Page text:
We're in peak tax return filing season, and many taxpayers who have questions about their tax return are waiting on hold to speak with an IRS representative. Those wait times are only going to get longer the closer we get to that April 18 filing deadline. There are plenty of better ways you could be spending your day than waiting on hold to get a tax question answered, don't you agree?
Last year, only about 13% of callers reached an IRS employee, according to The Washington Post. Acting IRS Commissioner Doug O'Donnell told the Post that, after adding more than 5,000 tax assisters and in-person staffers, the agency expects to see improvements this tax season. Still, keep in mind that the average phone wait time will only get longer as Tax Day approaches.
Raphael Tulino, an IRS representative, underlined the importance of finding answers through online resources: "It's IRS.gov, IRS.gov and IRS.gov first before you call."
The IRS has about 600 local offices around the country as well as staffing a toll-free hotline. You may be able to answer some of your tax questions with online resources too: The IRS has a tool called the Interactive Tax Assistant that walks you through various inquiries to help you determine whether your income is taxable, whom you can claim as a dependent and what your filing status is.
If you want to track the status of your tax refund, you can do so by visiting the IRS's Get Refund Status tool. Lastly, be sure to create your own online IRS account -- you can also use that account to get info about your prior year's tax return.
If you've gone through all the online options and still haven't solved your problem, we'll tell you how to contact the IRS by phone or make an appointment in person at a local office. For more tax info, here are all the tax credits and deductions you can get for your home in 2023. And if you received a tax rebate last year, the IRS said you may want to wait to file.
Call this IRS phone number to ask about tax refunds and more
Before you make a call to the IRS, note that the call volumes are high and you may have to wait a long time to speak with a representative. During April, the IRS says that wait times are higher on Mondays, and the best time to call during the day is before 10 a.m.
To get started, call 800-829-1040 to reach the tax agency about an issue you're having with your taxes. Make sure you have the following information on hand to verify your identification.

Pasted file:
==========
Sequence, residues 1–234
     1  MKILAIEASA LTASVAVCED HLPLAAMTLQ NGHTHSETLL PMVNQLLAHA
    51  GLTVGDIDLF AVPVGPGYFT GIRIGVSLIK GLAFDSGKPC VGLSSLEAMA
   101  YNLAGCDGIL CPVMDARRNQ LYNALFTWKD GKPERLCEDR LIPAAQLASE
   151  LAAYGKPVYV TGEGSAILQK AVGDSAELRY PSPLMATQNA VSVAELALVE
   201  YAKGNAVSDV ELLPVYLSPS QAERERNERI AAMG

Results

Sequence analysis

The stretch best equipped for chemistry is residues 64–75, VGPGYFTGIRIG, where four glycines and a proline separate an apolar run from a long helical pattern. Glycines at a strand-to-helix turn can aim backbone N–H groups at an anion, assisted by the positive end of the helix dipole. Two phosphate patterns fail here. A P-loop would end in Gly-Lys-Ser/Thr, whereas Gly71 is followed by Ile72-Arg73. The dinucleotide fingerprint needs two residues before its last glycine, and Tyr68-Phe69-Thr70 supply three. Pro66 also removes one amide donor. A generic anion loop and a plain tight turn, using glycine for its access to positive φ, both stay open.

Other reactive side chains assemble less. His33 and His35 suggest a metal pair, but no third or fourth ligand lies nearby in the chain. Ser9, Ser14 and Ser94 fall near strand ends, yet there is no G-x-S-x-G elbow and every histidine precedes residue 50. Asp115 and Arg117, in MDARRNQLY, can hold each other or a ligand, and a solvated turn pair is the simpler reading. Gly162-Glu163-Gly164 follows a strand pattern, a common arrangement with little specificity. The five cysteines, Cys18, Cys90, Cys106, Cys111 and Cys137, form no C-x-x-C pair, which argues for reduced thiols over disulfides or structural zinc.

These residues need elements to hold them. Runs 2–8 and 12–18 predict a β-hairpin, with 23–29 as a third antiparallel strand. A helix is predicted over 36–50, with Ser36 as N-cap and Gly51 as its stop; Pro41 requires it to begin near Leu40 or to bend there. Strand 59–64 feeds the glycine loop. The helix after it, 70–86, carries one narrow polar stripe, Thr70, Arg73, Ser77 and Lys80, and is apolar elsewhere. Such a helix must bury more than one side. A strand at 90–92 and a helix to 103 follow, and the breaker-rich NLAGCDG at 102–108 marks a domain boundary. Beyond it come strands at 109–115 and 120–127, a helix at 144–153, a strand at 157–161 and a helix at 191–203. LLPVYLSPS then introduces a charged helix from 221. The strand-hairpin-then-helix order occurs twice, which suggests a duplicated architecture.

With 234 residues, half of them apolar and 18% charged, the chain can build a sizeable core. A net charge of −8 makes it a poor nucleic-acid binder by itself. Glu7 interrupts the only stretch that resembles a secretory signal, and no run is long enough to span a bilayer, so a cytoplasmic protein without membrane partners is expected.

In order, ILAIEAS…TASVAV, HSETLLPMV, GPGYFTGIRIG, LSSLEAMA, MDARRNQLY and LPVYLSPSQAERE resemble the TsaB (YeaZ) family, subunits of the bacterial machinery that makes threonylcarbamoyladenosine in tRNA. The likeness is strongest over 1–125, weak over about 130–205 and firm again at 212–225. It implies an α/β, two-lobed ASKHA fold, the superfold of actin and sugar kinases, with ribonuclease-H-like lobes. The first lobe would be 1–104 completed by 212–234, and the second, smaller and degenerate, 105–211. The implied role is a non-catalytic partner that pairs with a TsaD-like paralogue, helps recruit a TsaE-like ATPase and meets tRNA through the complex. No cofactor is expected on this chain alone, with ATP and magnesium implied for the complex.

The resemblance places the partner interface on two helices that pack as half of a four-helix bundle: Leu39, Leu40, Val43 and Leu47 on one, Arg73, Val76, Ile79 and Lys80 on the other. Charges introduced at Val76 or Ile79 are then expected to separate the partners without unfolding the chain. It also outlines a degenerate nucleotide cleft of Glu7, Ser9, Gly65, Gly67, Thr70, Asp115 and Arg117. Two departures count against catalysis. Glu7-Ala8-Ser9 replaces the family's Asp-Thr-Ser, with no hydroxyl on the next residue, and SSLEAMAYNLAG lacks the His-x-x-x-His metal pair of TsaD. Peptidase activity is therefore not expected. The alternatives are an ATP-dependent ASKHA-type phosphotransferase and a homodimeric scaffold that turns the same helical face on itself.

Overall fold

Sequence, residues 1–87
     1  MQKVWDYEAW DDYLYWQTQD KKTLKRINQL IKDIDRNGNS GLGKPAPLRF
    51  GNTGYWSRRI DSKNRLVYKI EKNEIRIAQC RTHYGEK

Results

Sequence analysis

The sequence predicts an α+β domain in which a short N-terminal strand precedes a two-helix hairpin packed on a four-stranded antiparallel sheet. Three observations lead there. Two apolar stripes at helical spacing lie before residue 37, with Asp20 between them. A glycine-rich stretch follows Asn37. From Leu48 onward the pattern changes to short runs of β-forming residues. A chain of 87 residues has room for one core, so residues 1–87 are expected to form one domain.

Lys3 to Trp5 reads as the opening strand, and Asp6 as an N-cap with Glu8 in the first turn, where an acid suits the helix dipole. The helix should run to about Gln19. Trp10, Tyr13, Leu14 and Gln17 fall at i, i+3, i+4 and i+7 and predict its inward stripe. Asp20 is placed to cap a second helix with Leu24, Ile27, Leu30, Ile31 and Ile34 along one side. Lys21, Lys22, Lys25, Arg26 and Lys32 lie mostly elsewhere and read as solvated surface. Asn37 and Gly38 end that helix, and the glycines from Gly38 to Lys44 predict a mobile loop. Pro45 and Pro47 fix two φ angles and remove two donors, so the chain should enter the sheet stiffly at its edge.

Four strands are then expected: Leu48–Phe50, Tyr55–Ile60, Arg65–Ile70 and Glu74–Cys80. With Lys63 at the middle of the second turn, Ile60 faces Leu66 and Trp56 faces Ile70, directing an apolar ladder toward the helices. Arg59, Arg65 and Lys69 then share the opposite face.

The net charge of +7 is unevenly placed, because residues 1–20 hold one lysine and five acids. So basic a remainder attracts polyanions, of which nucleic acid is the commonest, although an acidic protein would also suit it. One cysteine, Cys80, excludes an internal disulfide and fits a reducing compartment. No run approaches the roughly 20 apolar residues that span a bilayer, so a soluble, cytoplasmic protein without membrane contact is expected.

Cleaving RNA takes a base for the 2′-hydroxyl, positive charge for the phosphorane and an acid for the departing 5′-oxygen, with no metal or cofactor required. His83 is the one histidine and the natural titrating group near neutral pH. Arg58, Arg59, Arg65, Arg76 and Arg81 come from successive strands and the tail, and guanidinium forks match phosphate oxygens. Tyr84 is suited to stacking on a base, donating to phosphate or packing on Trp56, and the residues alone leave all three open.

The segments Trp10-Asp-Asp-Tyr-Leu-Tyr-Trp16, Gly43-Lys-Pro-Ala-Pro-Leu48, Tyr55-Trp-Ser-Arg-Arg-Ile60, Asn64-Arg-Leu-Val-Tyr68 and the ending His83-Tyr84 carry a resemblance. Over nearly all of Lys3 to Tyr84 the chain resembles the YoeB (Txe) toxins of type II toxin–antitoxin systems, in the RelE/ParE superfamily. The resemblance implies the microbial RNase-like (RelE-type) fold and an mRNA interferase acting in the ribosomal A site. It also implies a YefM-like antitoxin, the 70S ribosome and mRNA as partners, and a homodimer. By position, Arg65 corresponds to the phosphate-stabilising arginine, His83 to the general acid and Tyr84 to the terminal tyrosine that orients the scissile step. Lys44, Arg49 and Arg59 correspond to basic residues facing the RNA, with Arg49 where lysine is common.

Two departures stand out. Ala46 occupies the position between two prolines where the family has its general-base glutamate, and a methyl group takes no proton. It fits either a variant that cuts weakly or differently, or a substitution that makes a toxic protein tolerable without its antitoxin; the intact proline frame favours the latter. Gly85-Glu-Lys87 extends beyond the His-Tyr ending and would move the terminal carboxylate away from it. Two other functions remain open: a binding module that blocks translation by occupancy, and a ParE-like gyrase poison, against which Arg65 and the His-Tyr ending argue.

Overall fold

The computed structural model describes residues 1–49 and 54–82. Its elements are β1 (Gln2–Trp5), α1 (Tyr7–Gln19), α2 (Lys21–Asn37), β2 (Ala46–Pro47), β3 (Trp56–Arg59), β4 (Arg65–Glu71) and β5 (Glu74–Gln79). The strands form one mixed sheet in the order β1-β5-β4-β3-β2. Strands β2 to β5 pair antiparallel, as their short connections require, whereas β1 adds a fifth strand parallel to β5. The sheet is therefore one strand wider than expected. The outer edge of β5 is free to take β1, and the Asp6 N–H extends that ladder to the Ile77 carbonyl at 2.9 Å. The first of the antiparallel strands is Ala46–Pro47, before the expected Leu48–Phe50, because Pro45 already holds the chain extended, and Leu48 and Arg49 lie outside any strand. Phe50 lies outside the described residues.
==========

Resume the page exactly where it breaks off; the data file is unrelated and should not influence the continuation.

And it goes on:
- Your Social Security number or Individual Taxpayer Identification Number
- Your birthdate
- Filing status: single, head of household, married filing joint or married filing separate
Got a specific tax question? There's a hotline for that
Streamline your call to the IRS by calling one of the many IRS phone numbers that address a specific question or topic.
IRS numbers to call
|Scheduling an appointment with the IRS||844-545-5640|
|Locating free tax clinic near you||800-906-9887|
|Taxpayer Advocate Service||877-777-4778|
|Interpretation services for Spanish speakers||800-829-1040|
|Interpretation services for other languages||833-553-9895|
|Deaf or hard of hearing assistance||800-829-4059|
|IRS Disaster Hotline||866-562-5227|
|Requesting IRS to mail paper tax forms||800-829-3676|
|Ordering a tax transcript||800-908-9946|
|Checking status of a tax refund||800-829-1954|
|Self-employed taxpayer assistance||800-829-4933|
|Reporting phishing or tax scams||800-366-4484|
|Estate and gift tax law questions||800-829-1040|
|Victims of identity theft assistance||800-908-4490|
|Checking status of amended tax return||866-464-2050|
Complex tax topics the IRS won't discuss on the phone
There are a few topics the IRS does not discuss on the phone. The list of complex tax topics includes:
- Business, sale and depreciation
- Capital gains and losses
- Corporations, exempt organizations and partnerships
- Health care
- Rentals and residential
- Specific forms
It might be in your best interest to make an in-person appointment with a representative instead of searching online for your answer to one of these topics.
How to set up an in-person appointment with an IRS representative
The IRS has many offices across the US, and if there's one near you, you can make an appointment to speak with someone in person. Here's how to schedule a meeting.
1. Head to the IRS Taxpayer Assistance Tool page and enter your ZIP code. Tap Search.
2. Choose the location nearest to you and select Make Appointment.
3. Call the appointment phone number for the office you want to visit.
4. When you go to your local branch, make sure to bring a government-issued photo ID and your ITIN or Social Security number.